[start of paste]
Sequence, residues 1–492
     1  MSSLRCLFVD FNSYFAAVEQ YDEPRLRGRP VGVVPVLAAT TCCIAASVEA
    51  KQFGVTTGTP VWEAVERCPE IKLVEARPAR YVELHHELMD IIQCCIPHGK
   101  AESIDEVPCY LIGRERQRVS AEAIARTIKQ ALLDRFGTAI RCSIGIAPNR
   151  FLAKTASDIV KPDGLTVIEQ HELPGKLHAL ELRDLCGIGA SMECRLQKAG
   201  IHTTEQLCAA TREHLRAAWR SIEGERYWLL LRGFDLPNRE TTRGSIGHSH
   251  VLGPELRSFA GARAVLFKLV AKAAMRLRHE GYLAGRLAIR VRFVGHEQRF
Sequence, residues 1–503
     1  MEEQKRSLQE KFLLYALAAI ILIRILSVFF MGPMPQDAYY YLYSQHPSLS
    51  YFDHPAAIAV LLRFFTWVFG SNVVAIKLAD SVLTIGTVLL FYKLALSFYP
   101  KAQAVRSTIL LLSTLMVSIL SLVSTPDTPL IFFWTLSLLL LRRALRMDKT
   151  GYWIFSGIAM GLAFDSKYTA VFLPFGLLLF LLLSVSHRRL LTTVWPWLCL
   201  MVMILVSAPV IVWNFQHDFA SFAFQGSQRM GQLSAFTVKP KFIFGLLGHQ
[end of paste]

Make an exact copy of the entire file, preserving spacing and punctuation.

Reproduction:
Sequence, residues 1–492
     1  MSSLRCLFVD FNSYFAAVEQ YDEPRLRGRP VGVVPVLAAT TCCIAASVEA
    51  KQFGVTTGTP VWEAVERCPE IKLVEARPAR YVELHHELMD IIQCCIPHGK
   101  AESIDEVPCY LIGRERQRVS AEAIARTIKQ ALLDRFGTAI RCSIGIAPNR
   151  FLAKTASDIV KPDGLTVIEQ HELPGKLHAL ELRDLCGIGA SMECRLQKAG
   201  IHTTEQLCAA TREHLRAAWR SIEGERYWLL LRGFDLPNRE TTRGSIGHSH
   251  VLGPELRSFA GARAVLFKLV AKAAMRLRHE GYLAGRLAIR VRFVGHEQRF
Sequence, residues 1–503
     1  MEEQKRSLQE KFLLYALAAI ILIRILSVFF MGPMPQDAYY YLYSQHPSLS
    51  YFDHPAAIAV LLRFFTWVFG SNVVAIKLAD SVLTIGTVLL FYKLALSFYP
   101  KAQAVRSTIL LLSTLMVSIL SLVSTPDTPL IFFWTLSLLL LRRALRMDKT
   151  GYWIFSGIAM GLAFDSKYTA VFLPFGLLLF LLLSVSHRRL LTTVWPWLCL
   201  MVMILVSAPV IVWNFQHDFA SFAFQGSQRM GQLSAFTVKP KFIFGLLGHQ